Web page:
Directed By: Anthony Hickox
Starring: Terry Farrell, Doug Bradley, Kevin Bernhardt
Tag line: "What began in Hell, will end on Earth"
Trivia: Actor Zach Galligan makes a cameo in this film, as a murder victim during the Boiler Room Club massacre
Any movie set to follow the brilliant one-two punch of Hellraiser and Hellbound: Hellraiser II was bound to be a disappointment, yet even this realization didn’t adequately prepare me for the debacle that was Hellraiser III: Hell on Earth. A limp, uninspired mess, Hellraiser III lacked the imagination that made the first two movies so enjoyable, taking what had been a fascinating story and turning it into a boring cliché.
After rediscovering his humanity (see Hellbound: Hellraiser II), Pinhead (Doug Bradley) splits into two distinct personalities: his former self, a World War One-era British Officer; and the Cenobite Pinhead, which, as a result of this fissure, is trapped inside the Pillar of Souls, a statue that’s eventually purchased by night club owner J.P. Monroe (Kevin Bernhardt). At the same time, fledgling TV news reporter Joanna “Joey” Summerskill (Terry Farrell) is searching for a story that will help get her career on track, which she finds when one of the patrons of J.P.’s club is killed under mysterious circumstances. Aided by Terri (Paula Marshall), J.P.’s former girlfriend, Joey manages to uncover the story of a lifetime, but will she survive long enough to tell it?
Hellraiser III: Hell on Earth fails to deliver on almost every level, and has more than its share of missed opportunities (early on, Joey is at a hospital trying to dig up a story when, all of a sudden, things grow very still, at which point a nurse begins pulling some frightening-looking instruments out of a drawer. Yet what at first appears to be a set-up for an otherworldly encounter takes a much different, and quite frustrating, turn). Even more bothersome is the way Hellraiser III churns out Cenobites. In Hellbound: Hellraiser II, we witnessed the creation of a new Cenobite, which, from what we could gather, was an “honor” reserved only for the truly evil. By the time Hellraiser III is over, nearly every character killed during the course of the movie is transformed into one of Hell's servants, each more bland than the next (one guy, who used to be a DJ, changes into a Cenobite whose only “feature” is the music CD lodged in his head).
But for me, the movie’s biggest problem is the way it handles the character of Pinhead. By splitting him into two people: one good (his human form) and the other bad (the Cenobite persona), Hellraiser III gives us a watered down version of Pinhead, less effective than he was in the previous films. What made the character so intensely disturbing in Hellraiser and Hellbound: Hellraiser II wasn’t his demonic nature, but his indifference; whenever he appeared, it was because he was “called” (i.e., someone opened the puzzle box). He didn’t hate his victims. In fact, he had no feelings towards them whatsoever. It was simply his job to collect a soul and drag it to hell, and the cold demeanor with which he and the other Cenobites approached that task made it all the more terrifying to watch.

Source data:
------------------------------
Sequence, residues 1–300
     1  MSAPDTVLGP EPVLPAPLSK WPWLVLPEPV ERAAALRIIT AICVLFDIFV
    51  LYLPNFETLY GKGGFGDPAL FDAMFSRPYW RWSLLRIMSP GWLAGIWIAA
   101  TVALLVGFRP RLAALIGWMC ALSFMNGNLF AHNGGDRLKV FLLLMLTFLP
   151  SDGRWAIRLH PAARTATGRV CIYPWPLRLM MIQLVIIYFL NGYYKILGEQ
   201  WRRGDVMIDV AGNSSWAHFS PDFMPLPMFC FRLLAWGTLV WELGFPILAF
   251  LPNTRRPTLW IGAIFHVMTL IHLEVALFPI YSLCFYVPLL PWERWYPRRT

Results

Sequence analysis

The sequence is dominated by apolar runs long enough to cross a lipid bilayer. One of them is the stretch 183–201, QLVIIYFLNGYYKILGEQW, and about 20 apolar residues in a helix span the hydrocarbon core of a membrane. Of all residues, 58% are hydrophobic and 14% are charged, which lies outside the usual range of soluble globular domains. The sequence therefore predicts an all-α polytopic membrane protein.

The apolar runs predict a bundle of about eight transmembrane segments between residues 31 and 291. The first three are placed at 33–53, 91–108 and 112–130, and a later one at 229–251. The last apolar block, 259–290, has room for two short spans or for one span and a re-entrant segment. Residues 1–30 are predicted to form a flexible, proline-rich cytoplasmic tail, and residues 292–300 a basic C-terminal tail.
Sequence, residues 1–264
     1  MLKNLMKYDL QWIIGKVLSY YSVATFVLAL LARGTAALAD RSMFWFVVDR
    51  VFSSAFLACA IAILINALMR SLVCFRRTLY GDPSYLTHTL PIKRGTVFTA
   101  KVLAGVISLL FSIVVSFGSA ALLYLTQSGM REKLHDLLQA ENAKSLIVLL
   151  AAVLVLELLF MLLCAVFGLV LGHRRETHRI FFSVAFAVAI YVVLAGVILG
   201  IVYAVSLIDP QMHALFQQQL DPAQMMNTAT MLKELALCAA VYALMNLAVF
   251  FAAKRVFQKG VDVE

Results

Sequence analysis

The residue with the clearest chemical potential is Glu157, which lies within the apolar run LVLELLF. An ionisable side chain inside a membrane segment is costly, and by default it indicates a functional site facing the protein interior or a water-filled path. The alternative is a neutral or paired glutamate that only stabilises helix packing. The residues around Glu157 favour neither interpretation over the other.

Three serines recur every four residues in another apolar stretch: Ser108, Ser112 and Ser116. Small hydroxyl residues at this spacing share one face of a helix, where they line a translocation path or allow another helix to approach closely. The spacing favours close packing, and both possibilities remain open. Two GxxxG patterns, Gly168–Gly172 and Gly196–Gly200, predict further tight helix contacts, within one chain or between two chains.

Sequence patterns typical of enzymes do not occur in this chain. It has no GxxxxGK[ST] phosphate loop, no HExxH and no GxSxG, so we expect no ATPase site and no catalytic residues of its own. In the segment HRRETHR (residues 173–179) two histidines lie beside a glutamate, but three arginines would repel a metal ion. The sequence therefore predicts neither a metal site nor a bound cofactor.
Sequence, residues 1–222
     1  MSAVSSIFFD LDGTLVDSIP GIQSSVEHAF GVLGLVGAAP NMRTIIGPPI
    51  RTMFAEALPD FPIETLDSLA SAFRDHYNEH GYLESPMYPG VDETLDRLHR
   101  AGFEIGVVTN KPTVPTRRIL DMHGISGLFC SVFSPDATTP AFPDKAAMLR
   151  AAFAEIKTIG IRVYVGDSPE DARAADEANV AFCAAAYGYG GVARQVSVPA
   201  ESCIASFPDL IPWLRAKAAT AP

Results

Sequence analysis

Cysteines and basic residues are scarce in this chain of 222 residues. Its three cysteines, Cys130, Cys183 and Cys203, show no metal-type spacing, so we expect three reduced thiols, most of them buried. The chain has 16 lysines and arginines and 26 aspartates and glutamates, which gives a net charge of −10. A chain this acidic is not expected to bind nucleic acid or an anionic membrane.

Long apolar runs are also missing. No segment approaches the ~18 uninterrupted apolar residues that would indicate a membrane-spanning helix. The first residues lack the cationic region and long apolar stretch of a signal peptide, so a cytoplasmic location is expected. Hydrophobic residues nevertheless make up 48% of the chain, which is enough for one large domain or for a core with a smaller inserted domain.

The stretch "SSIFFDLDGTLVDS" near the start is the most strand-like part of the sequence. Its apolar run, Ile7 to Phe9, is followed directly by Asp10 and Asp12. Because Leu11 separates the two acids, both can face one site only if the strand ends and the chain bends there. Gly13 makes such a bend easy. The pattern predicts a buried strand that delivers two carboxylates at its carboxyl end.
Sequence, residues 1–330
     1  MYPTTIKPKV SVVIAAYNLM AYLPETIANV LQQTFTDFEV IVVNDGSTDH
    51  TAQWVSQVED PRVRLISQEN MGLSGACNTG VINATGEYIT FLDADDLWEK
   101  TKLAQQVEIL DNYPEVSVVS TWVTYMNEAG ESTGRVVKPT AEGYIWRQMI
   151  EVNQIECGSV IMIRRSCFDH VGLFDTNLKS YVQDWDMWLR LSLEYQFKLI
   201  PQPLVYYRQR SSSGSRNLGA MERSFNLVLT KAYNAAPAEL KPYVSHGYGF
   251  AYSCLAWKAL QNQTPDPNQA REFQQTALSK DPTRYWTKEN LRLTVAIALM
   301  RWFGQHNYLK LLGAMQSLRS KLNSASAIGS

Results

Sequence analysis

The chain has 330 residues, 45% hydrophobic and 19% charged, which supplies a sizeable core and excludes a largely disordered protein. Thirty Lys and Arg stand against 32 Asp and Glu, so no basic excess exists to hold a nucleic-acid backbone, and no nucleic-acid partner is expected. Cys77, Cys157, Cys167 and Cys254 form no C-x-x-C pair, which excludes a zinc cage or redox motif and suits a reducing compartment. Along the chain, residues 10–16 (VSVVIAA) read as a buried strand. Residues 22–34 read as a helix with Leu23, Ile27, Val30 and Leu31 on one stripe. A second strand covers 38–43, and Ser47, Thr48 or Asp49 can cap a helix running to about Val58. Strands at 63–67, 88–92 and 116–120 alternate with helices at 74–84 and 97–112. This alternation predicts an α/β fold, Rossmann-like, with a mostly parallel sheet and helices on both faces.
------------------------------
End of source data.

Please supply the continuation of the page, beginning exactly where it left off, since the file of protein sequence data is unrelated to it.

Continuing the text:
In Hellraiser III, Pinhead, having been separated from his human half, is reduced to a typical movie monster, a deceitful entity resorting to lies and threats to lure in a potential victim. Hell, he even spouts off a few one-liners along the way (when J.P., after getting his first glimpse of Pinhead, yells out “Jesus Christ!”, Pinhead replies, tongue firmly in cheek, “Not quite”). Aside from his behavior, Pinhead is also ineffective when staging an attack. In one scene, Joey is running down the middle of an abandoned city street, trying to get away from Pinhead, who’s following closely behind. How does he attempt to stop her? By making the cars along the side of the road explode into flames. For a character with the awesome power of hell at his disposal, this is a pretty feeble offensive (Stallone’s Rambo could have caused more damage).
Hellraiser III did feature one interesting idea: the Pillar of Souls, a statue depicting the faces of those taken to hell, each twisted and deformed as a result of their suffering, with Pinhead himself as the sculpture’s central figure (the film’s best scene involves a poor girl being pulled into the statue, her face frozen in mid-scream as she becomes one with it). Aside from this, Hellraiser III: Hell on Earth is, in every way imaginable, a step down from the first two entries.